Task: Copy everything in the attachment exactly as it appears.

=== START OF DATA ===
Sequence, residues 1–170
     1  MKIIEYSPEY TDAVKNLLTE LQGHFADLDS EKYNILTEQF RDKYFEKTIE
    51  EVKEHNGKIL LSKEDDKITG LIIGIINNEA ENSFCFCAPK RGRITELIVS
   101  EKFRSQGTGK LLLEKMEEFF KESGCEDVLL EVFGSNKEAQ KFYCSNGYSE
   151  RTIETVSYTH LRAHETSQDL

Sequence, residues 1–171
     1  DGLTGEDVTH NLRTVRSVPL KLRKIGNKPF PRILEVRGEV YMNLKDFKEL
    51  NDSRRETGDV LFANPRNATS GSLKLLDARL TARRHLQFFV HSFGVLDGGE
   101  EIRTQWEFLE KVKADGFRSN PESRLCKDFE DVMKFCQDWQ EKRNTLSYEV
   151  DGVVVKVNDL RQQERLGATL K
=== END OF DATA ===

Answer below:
Sequence, residues 1–170
     1  MKIIEYSPEY TDAVKNLLTE LQGHFADLDS EKYNILTEQF RDKYFEKTIE
    51  EVKEHNGKIL LSKEDDKITG LIIGIINNEA ENSFCFCAPK RGRITELIVS
   101  EKFRSQGTGK LLLEKMEEFF KESGCEDVLL EVFGSNKEAQ KFYCSNGYSE
   151  RTIETVSYTH LRAHETSQDL

Sequence, residues 1–171
     1  DGLTGEDVTH NLRTVRSVPL KLRKIGNKPF PRILEVRGEV YMNLKDFKEL
    51  NDSRRETGDV LFANPRNATS GSLKLLDARL TARRHLQFFV HSFGVLDGGE
   101  EIRTQWEFLE KVKADGFRSN PESRLCKDFE DVMKFCQDWQ EKRNTLSYEV
   151  DGVVVKVNDL RQQERLGATL K